How does The Great Gatsby prove that materialism lead to moral decay?
The 1920’s is widely perceived as the decade of materialism. It was a time of economic prosperity. In his book, The Great Gatsby, Fitzgerald illustrates how the obsession of material wealth leads to moral decay. He uses characters actions such as Myrtles choice to stay with Tom despite the abuse, locations such as the valley of ashes to represent the moral decay underneath the wealth of the two main cities, as well as the consumption of alcohol even though, at the time, it was illegal, to represent the decline of morality that can occur due to wealthy circumstances.
Fitzgerald depicts the moral decay of the upper class with the use of many characters throughout the novel. (Smith) Myrtle Wilson’s attraction to Tom Buchanan is based on what he can buy her instead of love. On their first night out with Nick present, Tom buys her “…a copy of ‘Town Tattle’ and a moving picture magazine and…some cold cream and a small flask of perfume” (Fitzgerald 31). Soon after, at a party in Tom’s apartment, Myrtle keeps saying the name of Tom’s wife “Daisy” over and over to provoke him. Tom then breaks Myrtles nose. Yet after this abuse she decides to continue her relationship with him because she does not want to let go of her fantasy of having anything she wants – everything her working class husband cannot get her. This incident depicts the moral decay of Myrtle as well as Tom. Tom’s status and class makes him believe that women are beneath him and he has the right to do what he wants.
Gatsby’s willingness to commit crimes to obtain money in order to acquire the women of his dreams is another example of how wealth can lead to moral decay. (Smith) Like Tom, Jay Gatsby uses money to secure a married woman’s affection. Further investigation on Tom’s part reveals exactly how Gatsby got his money. Gatsby realizes that in order to gain Daisy’s attention, he needs great wealth. To obtain this wealth, Gatsby willingly breaks the Prohibition law and “…sold alcohol over the counter” (Fitzgerald 141). Not only does Gatsby become a bootlegger to obtain the wealth he needs, but after his death, a phone call is made that indicates his affiliation with bond swindling as well. “They picked him up when he handed the bonds over the counter” (Fitzgerald 174).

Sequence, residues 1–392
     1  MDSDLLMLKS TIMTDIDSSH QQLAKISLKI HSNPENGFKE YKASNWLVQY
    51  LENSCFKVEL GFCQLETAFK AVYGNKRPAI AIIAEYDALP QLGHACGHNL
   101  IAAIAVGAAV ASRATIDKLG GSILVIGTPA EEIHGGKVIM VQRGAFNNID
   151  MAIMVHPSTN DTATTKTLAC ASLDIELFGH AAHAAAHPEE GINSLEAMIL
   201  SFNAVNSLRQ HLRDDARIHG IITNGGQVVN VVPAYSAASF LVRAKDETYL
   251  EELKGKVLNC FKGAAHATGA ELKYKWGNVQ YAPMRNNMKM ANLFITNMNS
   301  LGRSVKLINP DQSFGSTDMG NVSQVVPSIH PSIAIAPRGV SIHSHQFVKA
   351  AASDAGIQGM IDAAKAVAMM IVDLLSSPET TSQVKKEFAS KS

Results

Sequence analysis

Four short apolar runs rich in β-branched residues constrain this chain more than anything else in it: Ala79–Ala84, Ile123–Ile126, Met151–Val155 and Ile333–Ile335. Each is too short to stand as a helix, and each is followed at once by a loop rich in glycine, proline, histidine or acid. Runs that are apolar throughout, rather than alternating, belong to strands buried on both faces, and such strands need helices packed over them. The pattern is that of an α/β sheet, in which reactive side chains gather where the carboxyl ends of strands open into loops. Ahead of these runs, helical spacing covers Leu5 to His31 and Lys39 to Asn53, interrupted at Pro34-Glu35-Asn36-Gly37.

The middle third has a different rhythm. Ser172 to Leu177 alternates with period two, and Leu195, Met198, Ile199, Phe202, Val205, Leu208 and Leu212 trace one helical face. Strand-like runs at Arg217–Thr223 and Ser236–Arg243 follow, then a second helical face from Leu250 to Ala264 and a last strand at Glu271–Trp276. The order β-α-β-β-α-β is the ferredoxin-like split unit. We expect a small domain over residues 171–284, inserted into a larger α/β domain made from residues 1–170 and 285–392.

Another example of how wealthy conditions can lead to moral decay is that after all that happened to Nick in Fitzgerald’s novel The Great Gatsby; it never crosses his mind to report the criminal activity of all of the people he meets to the police (Smith). Nick is the only character who knows the truth of the criminal activities that have taken place by the end of the novel and in the end he decides to leave the East Coast. Nick not reporting the criminal activity to the police suggests that he himself has been tainted by the immorality of his friends and that he, as a narrator, is probably not as reliable as one would believe him to be.
Fitzgerald not only uses his character’s actions, but the locations expressed within the novel to illustrate the decline of morality as well. The Valley of Ashes represents the moral decay that had taken place in society due to people’s desire to become rich. “This is a strip of land between the West Egg and New York City…” (Bret Harwell) The Valley of Ashes has become a place where immoral acts such as Myrtle’s death take place. One of the main immoral acts that take place in The Valley of Ashes is Tom’s affair with Myrtle. Nick states that the abundance of immoral acts in the Valley of Ashes is "a fantastic farm where ashes grow like wheat..." (Fitzgerald 25).
East Egg is another location that illustrates how wealthy conditions can lead to moral decay. (Mina) East Egg, especially Daisy and Tom, represents the established aristocracy and taste, however, many of them are careless people who use their money simply to ease their minds and not worry about hurting others. “What the old...
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